As you kick off your sprint, you might be wondering how you’re going to keep everyone on the same page. A new way of working must mean no more meetings, right? After all, everyone wastes a ton of time in meetings, and you can’t expect to ship better software faster if you’re doing the same.

While agile does tone down the amount of time your team spends in meetings, it doesn’t get rid of it altogether. Many agile teams hold daily standup meetings, which are usually about 15 minutes long. 

What Is a Daily Standup Meeting?

A daily standup meeting is a short meeting held every day where team members share quick status updates. During standups, everyone gets on the same page, and team members know where things stand at any given point in time.

Standup meetings get their name because team members typically—you guessed it—stand up during them. It’s one way to encourage shorter meetings, since no one is sitting down.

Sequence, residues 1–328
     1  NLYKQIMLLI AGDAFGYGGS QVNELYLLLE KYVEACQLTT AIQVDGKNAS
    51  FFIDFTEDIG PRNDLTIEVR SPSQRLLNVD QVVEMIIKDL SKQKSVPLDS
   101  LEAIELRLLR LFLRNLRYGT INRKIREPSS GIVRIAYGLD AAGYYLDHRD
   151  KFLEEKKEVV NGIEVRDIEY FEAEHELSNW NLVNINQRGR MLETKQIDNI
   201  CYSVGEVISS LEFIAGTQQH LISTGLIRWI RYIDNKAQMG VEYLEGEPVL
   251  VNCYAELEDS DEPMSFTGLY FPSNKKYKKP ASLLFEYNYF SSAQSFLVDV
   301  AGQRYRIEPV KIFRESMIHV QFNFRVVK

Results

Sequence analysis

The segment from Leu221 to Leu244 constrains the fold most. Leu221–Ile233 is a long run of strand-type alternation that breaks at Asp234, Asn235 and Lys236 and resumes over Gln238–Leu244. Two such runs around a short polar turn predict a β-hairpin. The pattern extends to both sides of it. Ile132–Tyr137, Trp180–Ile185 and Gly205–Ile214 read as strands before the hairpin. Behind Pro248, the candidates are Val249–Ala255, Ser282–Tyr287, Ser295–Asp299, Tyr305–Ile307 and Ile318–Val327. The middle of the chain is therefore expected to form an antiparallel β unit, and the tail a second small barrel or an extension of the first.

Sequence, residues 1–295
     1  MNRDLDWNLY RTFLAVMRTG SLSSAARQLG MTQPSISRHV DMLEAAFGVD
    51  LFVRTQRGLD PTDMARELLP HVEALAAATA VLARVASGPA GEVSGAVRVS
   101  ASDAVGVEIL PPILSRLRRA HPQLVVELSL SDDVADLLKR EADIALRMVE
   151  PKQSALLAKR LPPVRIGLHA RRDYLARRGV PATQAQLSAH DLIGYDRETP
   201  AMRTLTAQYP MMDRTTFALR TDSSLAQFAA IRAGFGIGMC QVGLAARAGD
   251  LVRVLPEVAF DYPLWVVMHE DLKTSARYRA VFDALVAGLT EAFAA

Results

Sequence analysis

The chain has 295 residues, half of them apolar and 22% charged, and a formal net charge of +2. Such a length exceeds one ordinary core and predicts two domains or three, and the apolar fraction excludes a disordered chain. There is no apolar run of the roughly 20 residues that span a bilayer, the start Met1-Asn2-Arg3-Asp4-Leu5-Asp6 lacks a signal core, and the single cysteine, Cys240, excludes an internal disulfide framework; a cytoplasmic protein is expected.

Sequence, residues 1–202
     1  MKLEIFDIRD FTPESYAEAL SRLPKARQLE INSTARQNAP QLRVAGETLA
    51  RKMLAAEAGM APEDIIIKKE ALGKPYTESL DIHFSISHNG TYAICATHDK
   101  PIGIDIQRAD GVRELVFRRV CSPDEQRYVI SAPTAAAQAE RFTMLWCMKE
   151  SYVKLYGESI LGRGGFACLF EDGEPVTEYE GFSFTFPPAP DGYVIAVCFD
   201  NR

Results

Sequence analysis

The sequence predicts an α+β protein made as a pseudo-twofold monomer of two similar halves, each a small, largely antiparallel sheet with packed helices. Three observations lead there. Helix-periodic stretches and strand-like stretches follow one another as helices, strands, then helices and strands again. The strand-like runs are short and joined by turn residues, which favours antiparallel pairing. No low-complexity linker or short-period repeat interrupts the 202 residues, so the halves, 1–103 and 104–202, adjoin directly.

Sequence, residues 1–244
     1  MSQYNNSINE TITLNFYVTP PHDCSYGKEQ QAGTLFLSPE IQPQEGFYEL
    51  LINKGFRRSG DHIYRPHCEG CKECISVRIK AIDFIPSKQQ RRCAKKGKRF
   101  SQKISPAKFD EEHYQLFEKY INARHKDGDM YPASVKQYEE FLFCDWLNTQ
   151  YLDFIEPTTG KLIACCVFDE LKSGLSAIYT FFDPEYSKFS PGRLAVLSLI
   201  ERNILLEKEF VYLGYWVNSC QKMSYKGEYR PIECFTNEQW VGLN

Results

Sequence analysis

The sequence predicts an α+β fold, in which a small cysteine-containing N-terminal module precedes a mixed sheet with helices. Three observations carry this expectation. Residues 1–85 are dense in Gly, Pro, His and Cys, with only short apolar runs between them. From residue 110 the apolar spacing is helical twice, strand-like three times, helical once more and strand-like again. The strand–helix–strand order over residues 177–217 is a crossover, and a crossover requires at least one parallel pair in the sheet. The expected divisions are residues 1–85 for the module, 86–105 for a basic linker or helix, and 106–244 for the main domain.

In the digital age, it comes as no surprise that standup meetings themselves are getting disrupted. Many software development teams hold their standup meetings virtually on collaboration platforms. That way, everyone can “check in” with their teams at their own convenience, freeing up even more time to spend on software development.

While many managers might be tempted to exert more control over their employees, remember that you’ve hired your developers to write code and build great software. The agile methodology isn’t conducive to micromanagers who expect to proverbially look over their employees’ shoulders all day long.